Studies have reported the genetic gives rise to male infertility. The aim of the present meta-analysis was to evaluate the association between PRM1 (rs737008 and rs2301365) and PRM2 (rs1646022 and rs2070923) polymorphisms and susceptibility to male infertility. The association between PRM1 and PRM2 polymorphisms and the risk of male infertility was evaluated using specific search terms in the Web of Science, Cochrane Library, PubMed, and Scopus databases without language restriction until January 28, 2020. The association was determined by odds ratio (OR) and 95% confidence interval (CI) on five genetic models using Review Manager 5.3 software. The funnel plot analysis and sensitivity analysis were done by the Comprehensive Meta-analysis 2.0 software. Out of 261 records retrieved from the databases, 17 studies were analyzed in the meta-analysis, including the four PRM polymorphisms. The pooled results as OR (P-value) showed 0.96 (0.44), 1.04 (0.70), 0.94 (0.51), 0.94 (0.48), and 1.03 (0.72) for PRM1 rs737008 polymorphism and 1.67 (0.0007), 1.73 (0.06), 1.50 (0.007), 1.56 (0.004), and 1.62 (0.33) for PRM1 rs2301365 polymorphism in allele, homozygous, heterozygous, recessive, and dominant models, respectively. Moreover, the pooled results as OR (P-value) showed 1.19 (0.004), 1.15 (0.26), 1.08 (0.70), 1.05 (0.76), and 0.98 (0.82) for PRM2 rs1646022 and 0.88 (0.04), 0.84 (0.10), 1.05 (0.81), 0.90 (0.24), and 0.80 (0.02) for PRM2 rs2070923 in allele, homozygous, heterozygous, recessive, and dominant models, respectively. The results showed PRM1 rs2301365 and PRM2 rs1646022 polymorphisms were associated with an elevated risk of male infertility and PRM2 rs2070923 polymorphism had a protective role in infertile men.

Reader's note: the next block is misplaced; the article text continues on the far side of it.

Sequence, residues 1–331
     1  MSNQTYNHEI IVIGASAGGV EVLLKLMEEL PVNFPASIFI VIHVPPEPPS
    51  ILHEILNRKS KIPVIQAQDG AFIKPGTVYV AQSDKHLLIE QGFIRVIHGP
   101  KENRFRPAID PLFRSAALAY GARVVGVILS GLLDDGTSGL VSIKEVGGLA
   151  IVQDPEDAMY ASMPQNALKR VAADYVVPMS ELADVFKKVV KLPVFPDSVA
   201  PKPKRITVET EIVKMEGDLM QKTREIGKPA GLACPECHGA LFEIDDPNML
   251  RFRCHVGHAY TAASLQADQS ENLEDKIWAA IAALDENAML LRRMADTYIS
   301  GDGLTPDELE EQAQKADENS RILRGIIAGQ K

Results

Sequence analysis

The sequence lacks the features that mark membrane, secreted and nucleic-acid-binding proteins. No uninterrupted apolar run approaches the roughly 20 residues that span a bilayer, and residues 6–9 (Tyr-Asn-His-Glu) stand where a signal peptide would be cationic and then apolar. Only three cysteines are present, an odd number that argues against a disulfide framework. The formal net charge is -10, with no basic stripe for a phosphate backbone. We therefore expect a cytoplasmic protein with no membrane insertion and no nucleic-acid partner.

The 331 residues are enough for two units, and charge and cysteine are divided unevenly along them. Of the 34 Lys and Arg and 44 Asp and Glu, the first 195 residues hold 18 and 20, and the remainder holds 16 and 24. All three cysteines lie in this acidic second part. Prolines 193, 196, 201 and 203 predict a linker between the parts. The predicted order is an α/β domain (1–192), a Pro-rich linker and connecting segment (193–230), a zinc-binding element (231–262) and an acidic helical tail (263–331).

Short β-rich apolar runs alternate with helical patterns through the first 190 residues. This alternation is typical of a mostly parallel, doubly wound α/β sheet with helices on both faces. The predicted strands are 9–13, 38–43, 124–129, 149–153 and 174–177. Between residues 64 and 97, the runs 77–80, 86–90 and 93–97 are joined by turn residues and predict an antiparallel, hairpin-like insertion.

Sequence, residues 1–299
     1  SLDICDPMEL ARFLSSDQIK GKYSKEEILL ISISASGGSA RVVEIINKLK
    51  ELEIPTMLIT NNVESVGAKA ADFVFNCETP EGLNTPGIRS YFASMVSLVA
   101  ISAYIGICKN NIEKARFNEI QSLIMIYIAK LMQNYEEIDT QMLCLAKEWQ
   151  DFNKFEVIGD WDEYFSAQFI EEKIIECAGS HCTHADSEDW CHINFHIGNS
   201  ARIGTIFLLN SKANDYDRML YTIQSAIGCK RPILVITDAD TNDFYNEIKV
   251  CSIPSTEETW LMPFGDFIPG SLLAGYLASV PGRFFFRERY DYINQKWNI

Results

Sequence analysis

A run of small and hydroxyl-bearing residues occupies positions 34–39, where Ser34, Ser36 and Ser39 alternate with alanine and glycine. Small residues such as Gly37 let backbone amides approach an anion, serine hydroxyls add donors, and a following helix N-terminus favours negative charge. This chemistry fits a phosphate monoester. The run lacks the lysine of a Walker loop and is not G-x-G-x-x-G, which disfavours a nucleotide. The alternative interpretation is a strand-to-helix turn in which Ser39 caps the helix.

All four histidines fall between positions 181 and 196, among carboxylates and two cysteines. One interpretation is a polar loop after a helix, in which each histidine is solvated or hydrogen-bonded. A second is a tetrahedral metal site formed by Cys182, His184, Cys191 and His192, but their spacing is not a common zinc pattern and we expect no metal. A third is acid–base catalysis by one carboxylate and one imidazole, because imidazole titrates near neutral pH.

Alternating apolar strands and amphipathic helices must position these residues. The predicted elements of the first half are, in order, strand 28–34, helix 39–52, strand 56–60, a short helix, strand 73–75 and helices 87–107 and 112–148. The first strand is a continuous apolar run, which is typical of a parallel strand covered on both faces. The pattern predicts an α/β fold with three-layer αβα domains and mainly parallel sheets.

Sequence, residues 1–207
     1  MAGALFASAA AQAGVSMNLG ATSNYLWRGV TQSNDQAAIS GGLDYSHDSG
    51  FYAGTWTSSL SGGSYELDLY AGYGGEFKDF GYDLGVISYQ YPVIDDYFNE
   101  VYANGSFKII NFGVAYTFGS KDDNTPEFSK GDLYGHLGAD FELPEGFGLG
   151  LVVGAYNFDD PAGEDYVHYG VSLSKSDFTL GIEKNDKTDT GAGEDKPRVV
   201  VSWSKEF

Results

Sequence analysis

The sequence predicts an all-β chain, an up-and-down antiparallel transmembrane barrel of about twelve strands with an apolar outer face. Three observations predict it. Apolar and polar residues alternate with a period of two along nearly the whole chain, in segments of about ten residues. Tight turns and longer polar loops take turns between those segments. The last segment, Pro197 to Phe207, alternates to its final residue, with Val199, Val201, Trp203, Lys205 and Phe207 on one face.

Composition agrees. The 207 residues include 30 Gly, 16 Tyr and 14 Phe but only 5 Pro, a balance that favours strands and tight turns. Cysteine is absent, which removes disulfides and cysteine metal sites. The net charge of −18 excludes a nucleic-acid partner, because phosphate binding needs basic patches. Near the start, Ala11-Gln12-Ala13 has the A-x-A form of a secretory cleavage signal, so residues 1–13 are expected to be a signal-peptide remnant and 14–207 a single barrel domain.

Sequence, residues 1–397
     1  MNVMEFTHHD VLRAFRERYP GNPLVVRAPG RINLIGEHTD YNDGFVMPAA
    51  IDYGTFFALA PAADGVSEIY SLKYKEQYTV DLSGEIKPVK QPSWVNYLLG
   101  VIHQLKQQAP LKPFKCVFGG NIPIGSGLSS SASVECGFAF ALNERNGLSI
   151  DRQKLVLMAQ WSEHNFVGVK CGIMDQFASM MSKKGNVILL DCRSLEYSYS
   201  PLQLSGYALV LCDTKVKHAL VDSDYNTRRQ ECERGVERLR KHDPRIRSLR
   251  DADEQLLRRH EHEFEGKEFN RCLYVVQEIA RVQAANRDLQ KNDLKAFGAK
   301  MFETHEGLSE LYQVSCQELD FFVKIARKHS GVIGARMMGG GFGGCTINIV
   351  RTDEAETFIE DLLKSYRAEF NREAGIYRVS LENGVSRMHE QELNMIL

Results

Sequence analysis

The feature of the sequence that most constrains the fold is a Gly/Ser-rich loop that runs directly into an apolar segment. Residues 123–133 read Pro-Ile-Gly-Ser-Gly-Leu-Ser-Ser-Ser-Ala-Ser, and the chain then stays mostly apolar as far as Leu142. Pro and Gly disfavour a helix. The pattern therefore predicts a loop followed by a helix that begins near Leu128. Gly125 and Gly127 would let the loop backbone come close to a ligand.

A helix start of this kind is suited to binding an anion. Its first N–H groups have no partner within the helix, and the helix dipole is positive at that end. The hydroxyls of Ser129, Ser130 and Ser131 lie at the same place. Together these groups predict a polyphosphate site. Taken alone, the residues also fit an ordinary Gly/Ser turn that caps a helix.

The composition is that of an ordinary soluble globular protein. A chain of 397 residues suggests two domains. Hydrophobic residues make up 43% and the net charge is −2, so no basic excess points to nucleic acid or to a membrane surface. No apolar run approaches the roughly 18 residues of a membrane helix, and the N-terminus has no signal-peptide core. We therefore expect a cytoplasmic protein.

Infertility is defined as couples' inability to have a baby after one year of regular unprotected intercourse1. Male factor infertility affects up to 50% of couples' infertility and accounts for only 20% of total infertility2. Recently, however, the male factor infertility incidence has increased3,4. Male infertility is currently assessed through routine analysis according to sperm concentration/number, motility, and sperm morphology. However, there is a significant integration of semen characteristics between fertile and infertile males. In fact, around 15% of patients with male factor infertility according to WHO guidelines5 have normal semen parameters6. Thus, there are several limitations to routine conventional semen analysis in assessing male infertility, indicating that conventional semen parameters are poor predictors of reproductive outcome and that definitive diagnosis of male infertility cannot be made by routine analysis alone7. These limitations have led to the development of advanced methods for the study of sperm function, oxidative stress, fragmentation and DNA packing8. Non-obstructive azoospermia and severe oligozoospermia are two of the dominant phenotypes associated with severe spermatogenesis9. However, many factors relate to male infertility, like to reproductive tract disorders, chemical exposure, and infection9. Genetic factors account for 50% or more of all male infertility etiology, and approximately 7% of men worldwide suffer from infertility10. In order to indicate the underlying causes, extensive research has been done on the genetic reasons of male infertility in recent years.